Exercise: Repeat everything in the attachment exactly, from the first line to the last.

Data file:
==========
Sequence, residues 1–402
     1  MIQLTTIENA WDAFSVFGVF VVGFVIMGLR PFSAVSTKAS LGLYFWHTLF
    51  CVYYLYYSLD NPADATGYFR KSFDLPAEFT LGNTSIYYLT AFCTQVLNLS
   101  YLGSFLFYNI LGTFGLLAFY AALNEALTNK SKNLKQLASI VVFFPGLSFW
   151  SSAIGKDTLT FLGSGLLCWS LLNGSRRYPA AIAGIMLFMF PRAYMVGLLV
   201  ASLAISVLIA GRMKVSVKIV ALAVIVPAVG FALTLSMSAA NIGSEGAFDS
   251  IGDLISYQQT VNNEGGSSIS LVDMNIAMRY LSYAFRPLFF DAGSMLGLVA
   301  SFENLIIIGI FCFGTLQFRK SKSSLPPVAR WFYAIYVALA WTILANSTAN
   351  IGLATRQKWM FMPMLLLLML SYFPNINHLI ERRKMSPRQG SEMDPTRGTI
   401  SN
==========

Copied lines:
Sequence, residues 1–402
     1  MIQLTTIENA WDAFSVFGVF VVGFVIMGLR PFSAVSTKAS LGLYFWHTLF
    51  CVYYLYYSLD NPADATGYFR KSFDLPAEFT LGNTSIYYLT AFCTQVLNLS
   101  YLGSFLFYNI LGTFGLLAFY AALNEALTNK SKNLKQLASI VVFFPGLSFW
   151  SSAIGKDTLT FLGSGLLCWS LLNGSRRYPA AIAGIMLFMF PRAYMVGLLV
   201  ASLAISVLIA GRMKVSVKIV ALAVIVPAVG FALTLSMSAA NIGSEGAFDS
   251  IGDLISYQQT VNNEGGSSIS LVDMNIAMRY LSYAFRPLFF DAGSMLGLVA
   301  SFENLIIIGI FCFGTLQFRK SKSSLPPVAR WFYAIYVALA WTILANSTAN
   351  IGLATRQKWM FMPMLLLLML SYFPNINHLI ERRKMSPRQG SEMDPTRGTI
   401  SN